IITB Central Library 2.0 Service

Making life easy with THE POWER OF INNOVATION

Posted on: November 29, 2010

By Times of India
At least 50 simple but smart innovations that reduce effort and minimize costs were showcased at IIT Delhi
Every engineering student dreads that long march from hostel to classroom early in the morning. But DCE graduate Subhav Sinha, wiser from personal experience, created a one-seat vehicle to cut short his distance.
‘‘It took me 10 minutes to reach my classroom from my hostel every morning when I was studying in DCE two years ago,’’ Sinha said.
To save time, Sinha got inspired to make a personal mover. ‘‘The idea came while I was watching a cartoon programme. The personal mover, Mitra, is priced at a reasonable Rs 5,000. It can be used on campuses, factories, offices and housing societies. It is easy to manoeuvre and is battery-operated,’’ he added. About 50 such need-based innovations were showcased at the second edition of I3 (India Innovation Initiative) National Fair held at IIT Delhi recently.
Students, engineers, teachers, scientists and researchers from across the country gathered at the fair with their simple and scientifically advanced
innovatins, which promise to reduce effort, increase efficiency and save costs. Mandar Ramesh Thite’s photo clipping machine is another such innovation. Thite, who lives in Pune, had a unique problem at home. His father loves preserving newspapers. But one day no more space was left in the house to stock the papers. So Thite began scanning them and how. ‘‘My father had been collecting newspapers for the past 40 years. Getting them scanned from the market would have cost us Rs 100 per paper,’’ Thite said.
But Thite thought out of the box to save costs. ‘‘I then made my clipping machine that has a digital camera fitted on a roller feeding device. The camera clicks the image of A3 size paper which appears in the connected computer.’’ The machine now costs around Rs 10,000. Thite has already scanned about a thousand newspapers with it.
Kolkata’s Subrata Dutta and Kondamudi Swarna Rekha from Andhra Pradesh are working on innovations to benefit the community—urban and rural respectively.
While Dutta has made a virtual inverter costing Rs 500 that can restrict the power usage in every household in case of power crisis. ‘‘It has to be taken up at a policy level and can form an alternative to power cuts by controlling the distribution of electricity,’’ Dutta said.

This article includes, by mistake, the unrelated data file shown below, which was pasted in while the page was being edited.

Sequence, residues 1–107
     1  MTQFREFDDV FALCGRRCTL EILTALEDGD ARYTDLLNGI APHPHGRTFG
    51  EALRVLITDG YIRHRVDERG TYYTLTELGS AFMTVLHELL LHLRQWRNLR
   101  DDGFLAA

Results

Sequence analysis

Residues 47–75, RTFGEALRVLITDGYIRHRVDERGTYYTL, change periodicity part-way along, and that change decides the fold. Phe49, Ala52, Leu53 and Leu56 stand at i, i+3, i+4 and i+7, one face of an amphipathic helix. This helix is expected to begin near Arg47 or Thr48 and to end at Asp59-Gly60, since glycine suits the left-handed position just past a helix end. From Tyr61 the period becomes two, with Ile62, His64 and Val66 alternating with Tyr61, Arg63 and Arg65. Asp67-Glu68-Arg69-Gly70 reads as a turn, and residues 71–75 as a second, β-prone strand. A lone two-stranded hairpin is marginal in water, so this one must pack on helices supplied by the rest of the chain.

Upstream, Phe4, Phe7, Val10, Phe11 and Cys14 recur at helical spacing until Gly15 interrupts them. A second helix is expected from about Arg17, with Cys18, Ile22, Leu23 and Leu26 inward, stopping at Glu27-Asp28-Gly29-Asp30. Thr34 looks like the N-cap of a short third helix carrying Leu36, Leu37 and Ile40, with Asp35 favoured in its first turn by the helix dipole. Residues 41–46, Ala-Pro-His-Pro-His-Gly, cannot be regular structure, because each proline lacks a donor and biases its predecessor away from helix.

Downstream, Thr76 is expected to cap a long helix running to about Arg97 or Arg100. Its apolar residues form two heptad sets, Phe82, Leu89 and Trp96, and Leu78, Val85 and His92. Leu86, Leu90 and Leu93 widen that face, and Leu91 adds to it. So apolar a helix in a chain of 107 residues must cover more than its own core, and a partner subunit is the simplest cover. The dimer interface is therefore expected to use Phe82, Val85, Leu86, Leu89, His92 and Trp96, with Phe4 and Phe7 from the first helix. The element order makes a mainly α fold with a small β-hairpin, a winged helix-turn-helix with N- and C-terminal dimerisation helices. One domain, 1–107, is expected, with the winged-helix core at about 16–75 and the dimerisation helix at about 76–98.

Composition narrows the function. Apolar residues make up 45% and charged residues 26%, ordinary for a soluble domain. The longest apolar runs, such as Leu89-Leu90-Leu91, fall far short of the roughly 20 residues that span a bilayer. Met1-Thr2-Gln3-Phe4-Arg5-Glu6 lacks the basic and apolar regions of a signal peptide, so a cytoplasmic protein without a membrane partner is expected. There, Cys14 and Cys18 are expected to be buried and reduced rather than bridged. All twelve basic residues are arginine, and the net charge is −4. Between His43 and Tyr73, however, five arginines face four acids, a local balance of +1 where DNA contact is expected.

Rekha, on the other hand, is developing a network through which farmers will get an SMS if the water level in their fields dips.
To fight the swine flu pandemic, professor Dhananjay P Mehendale, head of the department of electronics at SP College, Pune, has made a special purifying mask. ‘‘It has diodes in a panel which generate ultra violet light. The UV rays kills germs when air enters the mask and only
clean air reaches the nose. The Indian Medical Association has certified it as promising. I will now put a UV shield to make it absolutely risk-free. It’s going to provide safety in hospitals,’’ Mehendale said.
The fair also showcased a herbal mosquito repellent made of eucalyptus, tulsi and other herbs. ‘‘It is much safer
than the repellents available in the market,’’ said 18-yearold student of microbiology, Ayan Mukherjee, who helped his father in the innovation. These innovators were selected in various regional rounds for the national fair put together by CII, department of science and technology and Agilent Technologies.

Can restrict the usage of electricity at consumer’s premises whenever there is power crisis. It can be used to stabilise the demand-supply ratio avoiding the need for a power cut. The device costs Rs 500

Has a panel with diodes fixed in a cylindrical cavity that generates UV light. The light performs germicidal action on harmful micro-organisms

It’s a scanner that uses a digital camera and a standalone sheet feed system. It requires only 15 watt power to scan A3 size pages. Cost is Rs 10,000

It has three pans in which a typical South Indian meal—rice, sambhar and one vegetable—can be cooked simultaneously in rural areas

A patented safety box with 17 components ideal for taking along on a picnic. It can float on water, contains a rope that can help in case of drowning. The wooden planks can be joined to support a victim with spinal injury. The suction apparatus can pull out venom from a snake-bite

A battery-operated vehicle that can be used to travel short distances on a campus, in a factory, housing societies, etc. It is a one-seater and can be operated either sitting or standing. It costs around Rs 5,000


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